Cycling in Ireland


Cycling has grown more popular in Ireland in recent years. A bicycle is an affordable, healthy and environmentally friendly mode of transport. A tax break is available to employees who buy new bikes and equipment under the Bike to Work Scheme.

In the interest of safety, you should understand the laws on cycling and the rules on using bike lights.

As a cyclist, you will likely have to share road space with other vehicles. There are some separated cycle paths in towns and cities, popular recreational routes on more minor rural roads and a growing network of rural greenways. These are dedicated off-road routes for walkers and cyclists. Some of Ireland’s greenways were constructed along the routes of disused railways in Mayo, Waterford, Westmeath and Limerick.

Bicycles and public transport

Can I bring a bike on public transport?

In many cases you can bring bicycles on public transport in Ireland. You can bring a bike on any Irish Rail train for free, although there are some restrictions during busy periods (such as sporting fixtures and concerts). See the table below for more information about bringing your bicycle on different forms of public transport.

Public transport Rules for bringing your bicycle
Train - InterCity

You must book bicycle spaces for Intercity services online before you travel

Train – DART and Commuter

Bikes can be carried free of charge during off-peak times. You are not allowed to bring a bike on board at these busy times:

Monday – Friday, before 10:00am

Monday – Friday, 15:30pm – 7:00pm

Folding bikes (that are folded and covered) can be carried at all times free of charge. You can travel with bikes all day Saturday and Sunday. 


Bus Éireann You can bring a bike if there is space in the luggage compartment. Bus Éireann charges a fee (currently €10) to bring a bike on a single journey.

Folding bikes can be carried for free. However it must be folded and covered or you will be charged the full bicycle rate of €10 per journey.

Dublin Bus



Luas tram

Folding bikes (carried or stored in the luggage area)


Folding bikes (that are folded and in a protective case or bag) can be carried free of charge. You are not allowed to bring a full-size bike on board.


Bike sharing schemes

If you don’t bring a bike on your journey, you can combine public transport with bike hire at your destination. Ireland has many private bike hire companies with information available locally. There are 5 major bike share schemes.


Dublin Bikes are available to anyone over the age of 14. You can hire a Dublin Bike by buying either a 1-day ticket, or a 3-day ticket or you can take out an annual subscription. See for full details and pricing.

You can link a Transport for Ireland Leap Card to a Dublin Bikes account by registering at

Bleeper is a stationless bike sharing scheme currently only available in Dublin. You can unlock a BleeperBike using a smart phone app. This enables you to pick up a BleeperBike at any public cycle parking area, and return it to any other public cycle parking location within the city. Users are charged per bike ride. Monthly membership of €17.50 allows for up to one hour unlimited bike rides every day. (Fees are charged at the PAYG rate after the first hour.)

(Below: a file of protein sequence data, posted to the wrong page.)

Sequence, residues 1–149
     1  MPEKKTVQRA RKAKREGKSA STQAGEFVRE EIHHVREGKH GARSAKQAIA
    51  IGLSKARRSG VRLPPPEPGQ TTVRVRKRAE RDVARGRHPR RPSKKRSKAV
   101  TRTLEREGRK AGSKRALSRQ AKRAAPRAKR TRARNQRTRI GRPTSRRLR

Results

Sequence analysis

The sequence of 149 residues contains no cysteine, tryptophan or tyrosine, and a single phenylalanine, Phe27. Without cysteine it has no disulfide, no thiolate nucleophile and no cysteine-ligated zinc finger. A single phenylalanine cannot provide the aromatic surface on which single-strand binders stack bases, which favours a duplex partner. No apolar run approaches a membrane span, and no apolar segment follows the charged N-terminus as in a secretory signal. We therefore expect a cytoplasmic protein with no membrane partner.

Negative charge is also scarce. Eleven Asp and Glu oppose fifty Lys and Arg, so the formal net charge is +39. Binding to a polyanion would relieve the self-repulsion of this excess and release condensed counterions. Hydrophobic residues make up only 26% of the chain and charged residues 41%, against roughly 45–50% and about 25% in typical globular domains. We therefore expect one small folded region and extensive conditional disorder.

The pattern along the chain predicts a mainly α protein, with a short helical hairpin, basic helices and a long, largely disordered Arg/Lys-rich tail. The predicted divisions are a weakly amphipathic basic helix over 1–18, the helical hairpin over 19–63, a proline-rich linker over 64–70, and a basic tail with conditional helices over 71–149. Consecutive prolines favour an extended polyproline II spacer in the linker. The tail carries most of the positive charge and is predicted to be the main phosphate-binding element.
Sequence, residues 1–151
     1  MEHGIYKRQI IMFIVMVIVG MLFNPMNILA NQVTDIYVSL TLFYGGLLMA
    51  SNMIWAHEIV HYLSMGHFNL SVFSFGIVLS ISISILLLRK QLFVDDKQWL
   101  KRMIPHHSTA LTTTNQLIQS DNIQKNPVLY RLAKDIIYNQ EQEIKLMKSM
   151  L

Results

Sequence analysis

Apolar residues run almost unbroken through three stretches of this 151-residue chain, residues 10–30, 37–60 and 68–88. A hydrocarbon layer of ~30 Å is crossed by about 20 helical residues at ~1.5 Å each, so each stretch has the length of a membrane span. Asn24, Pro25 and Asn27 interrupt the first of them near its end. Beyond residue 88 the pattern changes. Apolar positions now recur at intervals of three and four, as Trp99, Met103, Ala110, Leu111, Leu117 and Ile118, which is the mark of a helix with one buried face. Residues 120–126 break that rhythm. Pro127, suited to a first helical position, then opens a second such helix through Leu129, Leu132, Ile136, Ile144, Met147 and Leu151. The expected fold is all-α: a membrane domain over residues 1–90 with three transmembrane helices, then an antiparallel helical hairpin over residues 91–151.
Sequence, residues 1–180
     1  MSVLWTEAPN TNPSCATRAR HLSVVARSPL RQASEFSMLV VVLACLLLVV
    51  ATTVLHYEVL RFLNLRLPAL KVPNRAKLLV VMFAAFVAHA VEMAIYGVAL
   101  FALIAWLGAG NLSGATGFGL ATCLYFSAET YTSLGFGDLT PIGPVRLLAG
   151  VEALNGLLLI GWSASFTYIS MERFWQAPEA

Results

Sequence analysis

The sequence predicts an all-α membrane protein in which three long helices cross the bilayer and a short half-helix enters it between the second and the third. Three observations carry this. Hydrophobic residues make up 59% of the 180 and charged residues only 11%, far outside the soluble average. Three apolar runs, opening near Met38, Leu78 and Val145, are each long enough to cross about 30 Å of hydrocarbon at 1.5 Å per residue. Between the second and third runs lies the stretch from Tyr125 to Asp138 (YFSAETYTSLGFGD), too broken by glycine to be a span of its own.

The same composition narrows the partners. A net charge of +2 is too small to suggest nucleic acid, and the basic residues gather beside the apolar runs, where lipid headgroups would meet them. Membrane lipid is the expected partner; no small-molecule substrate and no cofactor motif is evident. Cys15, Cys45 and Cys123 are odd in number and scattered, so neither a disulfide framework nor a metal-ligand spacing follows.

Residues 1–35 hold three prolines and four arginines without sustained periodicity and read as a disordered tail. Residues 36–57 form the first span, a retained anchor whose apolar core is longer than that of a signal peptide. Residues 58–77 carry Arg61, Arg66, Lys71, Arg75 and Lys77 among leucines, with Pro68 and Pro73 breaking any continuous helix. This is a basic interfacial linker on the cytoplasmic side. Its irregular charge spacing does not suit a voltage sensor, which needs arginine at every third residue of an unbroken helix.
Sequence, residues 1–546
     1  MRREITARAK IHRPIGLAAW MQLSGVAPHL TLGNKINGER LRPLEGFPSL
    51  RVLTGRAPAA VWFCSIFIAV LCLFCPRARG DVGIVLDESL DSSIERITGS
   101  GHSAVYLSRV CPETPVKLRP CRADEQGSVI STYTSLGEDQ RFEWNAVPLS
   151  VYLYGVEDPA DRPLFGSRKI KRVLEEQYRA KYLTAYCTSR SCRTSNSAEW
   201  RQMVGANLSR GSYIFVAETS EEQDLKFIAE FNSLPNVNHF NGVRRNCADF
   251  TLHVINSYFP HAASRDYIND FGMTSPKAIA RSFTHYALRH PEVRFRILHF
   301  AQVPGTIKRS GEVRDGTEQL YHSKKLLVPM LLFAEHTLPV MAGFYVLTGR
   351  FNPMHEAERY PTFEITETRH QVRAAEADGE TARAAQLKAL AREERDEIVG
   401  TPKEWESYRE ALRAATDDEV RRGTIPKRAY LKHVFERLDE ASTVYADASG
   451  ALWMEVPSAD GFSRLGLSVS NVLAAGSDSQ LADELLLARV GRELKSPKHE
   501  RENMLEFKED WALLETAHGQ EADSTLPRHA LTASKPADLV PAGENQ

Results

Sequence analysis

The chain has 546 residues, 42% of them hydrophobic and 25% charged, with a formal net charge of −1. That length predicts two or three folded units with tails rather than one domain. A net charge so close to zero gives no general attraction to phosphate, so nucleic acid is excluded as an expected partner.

Cork, Galway and Limerick

Cork, Galway and Limerick run their own city-wide bike sharing schemes. Bikes are available for rent at docking stations around the city. An annual subscription costs €10 with 3-day passes for €3. The first 30 minutes of your bike ride is free and hourly charges apply afterwards. See for more details on where to find the bikes and how to sign up for the bike share scheme.

Can I use an electric bike in Ireland?

New bicycle technology has brought a range of options for cyclists. Electric bicycles or e-bikes are growing in popularity and can be purchased under the Bike to Work Scheme. They can increase the distance of a cycling journey, allowing people on bikes to tackle more challenging hills and cycle further than they otherwise would.

You ride an e-bike (also known as a pedelec) in the same way as a normal bike but with the addition of a small motor to assist your pedal power. An e-bike will not move unless you pedal. A bike powered solely by electric or other engine power is defined in Irish law as a mechanically propelled vehicle. You can find out more about the law on e-bikes from the Road Safety Authority. E-bike conversion kits are also available to convert an existing pedal bike into an e-bike. However these conversion kits are not covered by the Bike to Work Scheme.

Greenway trails


Ireland’s first dedicated greenway, the Great Western Greenway opened in 2012 and runs for 44 km, following the route of the Westport to Achill railway line which closed in 1937.


The Waterford Greenway opened in 2017 and runs 46 km from Waterford City to Dungarvan.


In Limerick the Great Southern Trail runs 36 km from Rathkeale to Abbeyfeale.

Athlone, Mullingar and Longford

The 40km Old Rail Trail in the midlands, links Athlone to Mullingar. At the Mullingar end, the Old Rail Trail joins the Royal Canal Greenway, which follows the route of the Royal Canal out of Dublin north to Clondra in Co Longford.

The Royal Canal Greenway is Ireland’s longest greenway. Cyclists can start their greenway cycling in Dublin and bike to the midlands, going north on the Royal Canal Greenway to Longford or continuing west along the Old Rail Trail to Athlone. This greenway is being developed. Updates on progress are available at

Cork and Wicklow

Other greenway schemes are being planned in Cork and Wicklow. Developments include a 23km route linking Midleton to Youghal in Co Cork, and a 42 km loop around Blessington Lakes in Co Wicklow, taking in Russborough House and the villages of Valleymount, Ballyknockan and Lacken.

Page edited: 17 October 2023